Now that we had a baby on the way, Chattanooga looked a lot more appealing. It was much more outdoorsy than Murfreesboro, and our families were there. With our first baby on the way, it was time to move home. We packed up everything we had now acquired since our return from California, and for the third time that year, we moved again. After we settled in our house, I had my girlfriends come help me paint the baby room. I wanted it to be whimsical and fun, so I went with a woodland theme.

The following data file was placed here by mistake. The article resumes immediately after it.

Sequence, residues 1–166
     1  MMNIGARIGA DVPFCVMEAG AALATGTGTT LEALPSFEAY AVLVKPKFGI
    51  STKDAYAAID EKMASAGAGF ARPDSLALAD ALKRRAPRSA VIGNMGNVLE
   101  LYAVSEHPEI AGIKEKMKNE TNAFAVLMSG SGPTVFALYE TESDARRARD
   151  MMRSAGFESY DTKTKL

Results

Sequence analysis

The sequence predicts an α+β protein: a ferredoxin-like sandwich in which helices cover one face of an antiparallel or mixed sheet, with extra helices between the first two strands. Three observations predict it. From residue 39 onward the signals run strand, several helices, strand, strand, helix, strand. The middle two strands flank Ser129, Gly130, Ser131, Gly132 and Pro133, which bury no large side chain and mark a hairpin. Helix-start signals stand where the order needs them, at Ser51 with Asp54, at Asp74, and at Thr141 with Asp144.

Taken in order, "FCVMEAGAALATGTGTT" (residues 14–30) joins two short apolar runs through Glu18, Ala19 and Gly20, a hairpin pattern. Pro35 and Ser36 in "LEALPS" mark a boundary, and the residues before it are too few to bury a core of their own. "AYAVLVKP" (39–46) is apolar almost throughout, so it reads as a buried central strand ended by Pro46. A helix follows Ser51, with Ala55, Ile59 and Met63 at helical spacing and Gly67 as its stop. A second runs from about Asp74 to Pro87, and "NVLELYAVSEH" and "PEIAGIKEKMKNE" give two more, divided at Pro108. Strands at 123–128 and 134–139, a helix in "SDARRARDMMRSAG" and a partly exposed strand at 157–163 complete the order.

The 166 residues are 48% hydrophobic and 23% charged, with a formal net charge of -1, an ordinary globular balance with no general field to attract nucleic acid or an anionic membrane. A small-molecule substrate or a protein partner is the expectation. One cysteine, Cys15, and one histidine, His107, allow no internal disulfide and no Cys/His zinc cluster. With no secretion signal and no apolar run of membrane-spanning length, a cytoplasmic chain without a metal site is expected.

My last few months of pregnancy, I spent reading everything I could get my hands on and talking to as many mamas as I could find who had successfully had a natural birth. I wanted to do it without any drugs, and I needed to prepare myself mentally. I think the statement that helped me push on the most came from my mother-in-law. She told me, “there is nothing that makes you feel more accomplished in life than the feeling of giving birth. It is the most powerful thing you can experience as a woman.” I was curious and excited! I knew I could do it, and having that attitude went a long way when I was in labor. I wrote out a two page birth plan detailing everything I could think of. My hopes were to use a midwife, but we simply couldn’t make it happen with the insurance we had and our financial situation at that time. So, I was set up to birth in a hospital with an O.B. I had decided to use the same doctor that delivered my brother. He had been my mom’s O.B. for over 20 years and he was fully supportive of natural birth. I gave him my birth plan and he read it over, asking a few questions to make sure we were on the same page. I felt confident with him as my doctor.